A core mission of the Department of Anesthesiology is to generate new knowledge that will advance the understanding and practice of Anesthesiology.

The Department is heavily funded by grants from the National Institutes of Health, and for over 15 years has ranked among the top five anesthesiology departments in NIH dollars.

The Department’s research efforts are organized into three divisions, the Division of Basic Research, the Washington University Pain Center (WUPC), and the Division of Clinical & Translational Research (DoCTR).

Another major research initiative was the establishment, in partnership with Dermatology, of the Center for the Study of Itch & Sensory Disorders. This Center seeks to understand the fundamental underlying mechanisms of itch and translate these findings into treatments for patients suffering from intractable itch.

Additionally, the Department of Anesthesiology and the St. Louis College of Pharmacy has established the Center for Clinical Pharmacology that is focused on human-oriented research with the goal of improving the use of current and new therapeutics and diagnostics.

The Division of Basic Research consists of nine principal investigators studying general anesthetic mechanisms, ion channel structure and function, novel intracellular signaling pathways, and sepsis.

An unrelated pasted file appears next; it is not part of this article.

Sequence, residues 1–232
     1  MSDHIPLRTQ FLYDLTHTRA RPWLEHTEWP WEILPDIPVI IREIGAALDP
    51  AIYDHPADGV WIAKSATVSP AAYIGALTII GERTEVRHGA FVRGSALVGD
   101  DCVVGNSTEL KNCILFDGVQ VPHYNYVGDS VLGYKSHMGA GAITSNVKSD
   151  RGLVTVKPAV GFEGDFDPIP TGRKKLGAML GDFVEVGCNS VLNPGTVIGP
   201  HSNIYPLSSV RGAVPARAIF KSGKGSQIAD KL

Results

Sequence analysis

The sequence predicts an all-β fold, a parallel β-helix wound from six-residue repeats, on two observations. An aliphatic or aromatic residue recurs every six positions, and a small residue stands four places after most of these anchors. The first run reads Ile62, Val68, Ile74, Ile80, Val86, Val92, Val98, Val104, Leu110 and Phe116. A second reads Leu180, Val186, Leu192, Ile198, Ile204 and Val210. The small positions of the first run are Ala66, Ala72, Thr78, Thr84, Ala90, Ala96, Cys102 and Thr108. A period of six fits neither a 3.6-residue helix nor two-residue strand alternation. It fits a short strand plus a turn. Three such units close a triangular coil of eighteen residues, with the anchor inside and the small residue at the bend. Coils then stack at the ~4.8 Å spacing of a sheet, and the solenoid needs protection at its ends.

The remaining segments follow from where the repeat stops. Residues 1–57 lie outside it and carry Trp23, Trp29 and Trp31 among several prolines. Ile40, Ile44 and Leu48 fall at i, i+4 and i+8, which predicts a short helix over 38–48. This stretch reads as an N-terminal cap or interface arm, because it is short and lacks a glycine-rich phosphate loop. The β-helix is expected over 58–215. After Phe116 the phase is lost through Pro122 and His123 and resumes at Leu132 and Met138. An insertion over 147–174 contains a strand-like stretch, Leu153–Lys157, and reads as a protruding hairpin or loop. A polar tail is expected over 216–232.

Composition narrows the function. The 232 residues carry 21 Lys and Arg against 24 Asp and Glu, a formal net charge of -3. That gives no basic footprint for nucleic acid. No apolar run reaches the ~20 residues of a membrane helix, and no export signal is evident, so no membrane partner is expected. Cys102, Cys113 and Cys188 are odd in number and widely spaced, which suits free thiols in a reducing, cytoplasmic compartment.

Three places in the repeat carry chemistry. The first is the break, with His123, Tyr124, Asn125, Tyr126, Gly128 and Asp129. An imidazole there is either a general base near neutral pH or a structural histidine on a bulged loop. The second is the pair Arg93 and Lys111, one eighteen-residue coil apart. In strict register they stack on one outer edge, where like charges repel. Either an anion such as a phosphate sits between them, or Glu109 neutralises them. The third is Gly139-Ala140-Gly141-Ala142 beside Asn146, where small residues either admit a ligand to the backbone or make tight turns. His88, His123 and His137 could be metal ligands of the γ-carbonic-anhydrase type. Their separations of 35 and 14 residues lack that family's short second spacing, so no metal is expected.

The WUPC consists of ten principal and six affiliated investigators whose labs investigate the neurobiological bases of nociceptive conditions including migraine, acute and chronic pain, itch, and opioid systems mediating analgesia and reward.

Ten principal investigators form the core of DoCTR, which has a wide range of research areas, including perioperative outcomes; postoperative delirium; postoperative patient-reported outcomes; functional neuroimaging of anesthesia and drug disposition; perioperative mental health; machine learning and artificial intelligence; human factors; telemedicine; persistent post-surgical pain; perioperative and peripartum sleep apnea; and integration of electronic health information to optimize safety and outcomes.

Research projects for students, residents, and postdoctoral fellows are currently available in all three divisions.